Exclusive: NATO chief calls Putin’s nuclear threat a ‘dangerous’ escalation

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NEW YORK, Sept 21 (Reuters) – President Vladimir Putin’s thinly veiled threat to use nuclear weapons after Russian setbacks in Ukraine was “dangerous and reckless rhetoric”, the NATO secretary general said on Wednesday. adding that the only way to end the war was to prove that Moscow will not win on the battlefield.

Jens Stoltenberg also told Reuters in an interview that Putin’s announcement of Russia’s first military mobilization since World War II would escalate the conflict and cost more lives. But, the NATO chief added, it also represented proof that Putin had made a “big mistake” with Russia’s decision to invade its neighbor on February 24.

Stoltenberg, speaking to Reuters editor-in-chief Alessandra Galloni in New York on the sidelines of the annual meetings of the United Nations General Assembly, said the 30-nation Western defense alliance would remain calm and “not not engage in that same kind of reckless and dangerous nuclear rhetoric.” as President Putin.”

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“The only way to end this war is to prove that President Putin will not win on the battlefield. When he realizes this, he will have to sit down and negotiate a reasonable agreement with Ukraine” , Stoltenberg said.

In an address to Russians earlier, Putin announced he would call up 300,000 reservists to fight in Ukraine and backed a plan to annex parts of the country, hinting to the West he was ready to use weapons nuclear weapons to defend Russia. Read more

“If the territorial integrity of our country is threatened, we will use all available means to protect our people – this is not a bluff,” Putin said.

Russia has “a lot of weapons to fight back”, Putin added.

Putin’s speech follows mounting battlefield casualties and setbacks for Russian forces, which were driven out of areas they had captured in northeastern Ukraine during a counter-attack. Ukrainian offensive this month and are bogged down in the south.

“President Putin’s speech demonstrates that the war is not going according to President Putin’s plans,” Stoltenberg said.

“He made a big mistake, a strategic mistake,” Stoltenberg said of Putin, while making a grim prediction.

“More troops will escalate the conflict. That will mean more suffering, more loss of life – Ukrainian lives, but also Russian lives,” Stoltenberg said.

Putin said, without providing any evidence, that officials from NATO member states had threatened to use nuclear weapons against Russia and that Russia “also has various means of destruction”.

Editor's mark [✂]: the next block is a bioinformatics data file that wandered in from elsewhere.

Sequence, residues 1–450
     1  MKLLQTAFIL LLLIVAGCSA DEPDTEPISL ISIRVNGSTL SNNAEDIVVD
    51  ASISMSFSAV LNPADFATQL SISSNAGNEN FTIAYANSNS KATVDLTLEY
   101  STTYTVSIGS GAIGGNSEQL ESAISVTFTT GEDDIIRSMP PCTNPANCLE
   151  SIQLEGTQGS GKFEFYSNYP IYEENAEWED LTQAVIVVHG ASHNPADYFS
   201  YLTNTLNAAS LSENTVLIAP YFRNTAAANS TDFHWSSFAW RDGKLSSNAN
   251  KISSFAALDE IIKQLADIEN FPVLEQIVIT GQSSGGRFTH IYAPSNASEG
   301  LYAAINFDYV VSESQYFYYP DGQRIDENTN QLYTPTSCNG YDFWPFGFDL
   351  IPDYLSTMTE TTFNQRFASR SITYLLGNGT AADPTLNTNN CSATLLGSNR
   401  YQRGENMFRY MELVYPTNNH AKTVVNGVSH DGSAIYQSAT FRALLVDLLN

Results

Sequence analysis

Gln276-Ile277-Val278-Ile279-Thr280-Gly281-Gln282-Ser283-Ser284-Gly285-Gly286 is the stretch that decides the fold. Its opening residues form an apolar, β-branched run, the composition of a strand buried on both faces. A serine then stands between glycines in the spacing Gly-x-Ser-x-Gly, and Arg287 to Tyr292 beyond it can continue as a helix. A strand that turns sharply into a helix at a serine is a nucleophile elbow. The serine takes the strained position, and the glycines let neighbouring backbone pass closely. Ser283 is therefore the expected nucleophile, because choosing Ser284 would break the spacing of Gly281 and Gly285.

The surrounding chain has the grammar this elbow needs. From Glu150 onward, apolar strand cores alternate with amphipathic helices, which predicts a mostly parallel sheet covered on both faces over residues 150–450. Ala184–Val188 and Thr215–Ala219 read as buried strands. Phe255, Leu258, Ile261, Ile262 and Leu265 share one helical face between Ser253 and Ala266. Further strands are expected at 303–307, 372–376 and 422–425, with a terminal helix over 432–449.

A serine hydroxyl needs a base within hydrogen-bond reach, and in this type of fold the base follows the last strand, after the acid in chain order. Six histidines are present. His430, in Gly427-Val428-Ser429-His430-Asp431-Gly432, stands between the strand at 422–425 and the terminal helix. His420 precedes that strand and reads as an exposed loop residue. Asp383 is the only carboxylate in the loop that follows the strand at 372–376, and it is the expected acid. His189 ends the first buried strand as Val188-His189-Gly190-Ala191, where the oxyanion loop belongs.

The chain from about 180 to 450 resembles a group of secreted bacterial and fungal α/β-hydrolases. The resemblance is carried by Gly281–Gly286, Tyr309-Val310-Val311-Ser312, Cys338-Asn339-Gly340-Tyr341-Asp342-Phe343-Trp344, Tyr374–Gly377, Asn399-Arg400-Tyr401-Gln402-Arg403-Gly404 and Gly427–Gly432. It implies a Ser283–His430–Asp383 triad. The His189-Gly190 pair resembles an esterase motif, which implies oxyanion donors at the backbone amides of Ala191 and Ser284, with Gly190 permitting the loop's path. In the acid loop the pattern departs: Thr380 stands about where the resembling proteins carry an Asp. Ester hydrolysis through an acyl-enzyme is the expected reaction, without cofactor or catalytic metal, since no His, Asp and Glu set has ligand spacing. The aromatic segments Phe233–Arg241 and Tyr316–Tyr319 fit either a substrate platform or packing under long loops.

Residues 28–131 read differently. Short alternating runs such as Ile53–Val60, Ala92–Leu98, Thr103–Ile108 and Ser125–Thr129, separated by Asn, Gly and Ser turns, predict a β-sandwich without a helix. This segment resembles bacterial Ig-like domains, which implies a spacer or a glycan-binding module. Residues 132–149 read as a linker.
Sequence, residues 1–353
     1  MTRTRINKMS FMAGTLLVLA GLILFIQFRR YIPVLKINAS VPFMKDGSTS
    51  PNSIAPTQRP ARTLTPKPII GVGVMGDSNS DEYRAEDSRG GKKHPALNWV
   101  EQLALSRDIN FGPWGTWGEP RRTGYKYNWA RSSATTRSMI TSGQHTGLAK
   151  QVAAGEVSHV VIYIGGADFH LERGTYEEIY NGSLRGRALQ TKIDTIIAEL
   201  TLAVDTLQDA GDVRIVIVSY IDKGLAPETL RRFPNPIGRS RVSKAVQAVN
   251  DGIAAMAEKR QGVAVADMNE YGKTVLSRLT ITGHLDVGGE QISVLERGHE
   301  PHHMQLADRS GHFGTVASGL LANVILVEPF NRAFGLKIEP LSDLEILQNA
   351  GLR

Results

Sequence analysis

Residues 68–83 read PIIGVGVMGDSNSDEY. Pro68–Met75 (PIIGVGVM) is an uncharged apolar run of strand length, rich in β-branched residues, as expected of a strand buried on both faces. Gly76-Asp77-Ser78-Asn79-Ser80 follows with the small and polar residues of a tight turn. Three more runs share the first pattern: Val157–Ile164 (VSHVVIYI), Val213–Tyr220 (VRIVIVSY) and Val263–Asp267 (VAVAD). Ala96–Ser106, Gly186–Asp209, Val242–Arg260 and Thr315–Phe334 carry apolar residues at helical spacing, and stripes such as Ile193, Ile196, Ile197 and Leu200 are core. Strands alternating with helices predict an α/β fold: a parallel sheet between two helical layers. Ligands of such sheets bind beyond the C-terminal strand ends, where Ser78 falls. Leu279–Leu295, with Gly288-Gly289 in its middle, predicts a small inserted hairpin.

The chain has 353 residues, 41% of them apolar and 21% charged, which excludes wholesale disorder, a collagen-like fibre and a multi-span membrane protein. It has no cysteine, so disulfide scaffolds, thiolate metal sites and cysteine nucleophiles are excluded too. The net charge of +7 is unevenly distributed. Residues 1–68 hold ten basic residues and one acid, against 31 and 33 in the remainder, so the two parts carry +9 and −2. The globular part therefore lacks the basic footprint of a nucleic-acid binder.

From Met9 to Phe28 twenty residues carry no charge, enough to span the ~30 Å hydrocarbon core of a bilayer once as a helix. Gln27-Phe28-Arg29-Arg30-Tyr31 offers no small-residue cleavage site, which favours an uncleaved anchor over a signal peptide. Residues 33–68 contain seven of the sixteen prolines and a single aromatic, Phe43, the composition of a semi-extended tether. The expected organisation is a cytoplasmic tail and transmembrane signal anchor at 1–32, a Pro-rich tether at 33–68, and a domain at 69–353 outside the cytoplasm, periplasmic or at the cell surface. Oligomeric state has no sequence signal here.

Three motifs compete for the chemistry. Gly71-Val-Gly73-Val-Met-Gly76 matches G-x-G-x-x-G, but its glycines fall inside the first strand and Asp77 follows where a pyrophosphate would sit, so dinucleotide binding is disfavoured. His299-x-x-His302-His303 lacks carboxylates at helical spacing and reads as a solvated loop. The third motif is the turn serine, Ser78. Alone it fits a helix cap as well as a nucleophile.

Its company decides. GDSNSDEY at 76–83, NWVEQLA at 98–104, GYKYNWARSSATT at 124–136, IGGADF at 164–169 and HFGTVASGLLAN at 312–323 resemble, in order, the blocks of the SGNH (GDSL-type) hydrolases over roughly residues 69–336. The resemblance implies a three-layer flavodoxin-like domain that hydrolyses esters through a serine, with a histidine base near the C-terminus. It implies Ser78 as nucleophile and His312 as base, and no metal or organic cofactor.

NATO has seen no change in Russia’s nuclear posture and readiness, Stoltenberg said, but added that the key was to prevent such an escalation.

“We will ensure that there is no misunderstanding in Moscow about the seriousness of the use of nuclear weapons. … And that is why we have been so clear in our communications with Russia about the unprecedented consequences, about the fact that nuclear war cannot be won by Russia.”


Stoltenberg said that even though Russian troops were ill-equipped and lacked proper command and control, it was hard to see the conflict ending in the short term as long as Russia refused to accept Ukraine as a sovereign nation and independent.

Stoltenberg said he is confident that the Western alliance will remain united throughout the process.

“We are ready for a tough winter. Winter is coming, it’s going to be tough for all of us. But the answer is not to quit and stop supporting Ukraine. The answer, if any, is to ‘step up and continue to support Ukraine,’ Stoltenberg added.

While NATO was prepared for a “long run” against Putin, it was now in close dialogue with the defense industry to replenish its stockpiles of arms and ammunition, Stoltenberg said.

“We’ve reduced a lot of inventory. We need inventory prepared. That’s why we’re now engaging deeply with the industry,” Stoltenberg said, aiming to ramp up production.

Stoltenberg again expressed confidence that the NATO membership of Sweden and Finland, which applied to join the alliance following Russia’s invasion of Ukraine, would be ratified, so even though Turkey continued to express its concerns in this regard.

NATO does not view China as an adversary, Stoltenberg said, but has expressed growing concern over Beijing’s increasingly close cooperation with Moscow on military exercises and in the diplomatic arena.

“China is part of the security challenges we face today,” Stoltenberg said.

Stoltenberg, who previously served as Norway’s prime minister, has served as NATO’s secretary general since 2014. NATO allies in March extended his tenure in the post until September 2023.

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Reporting by Humeyra Pamuk in New York and John Chalmers in Brussels; Written by John Chalmers; Editing by Will Dunham

Our standards: The Thomson Reuters Trust Principles.

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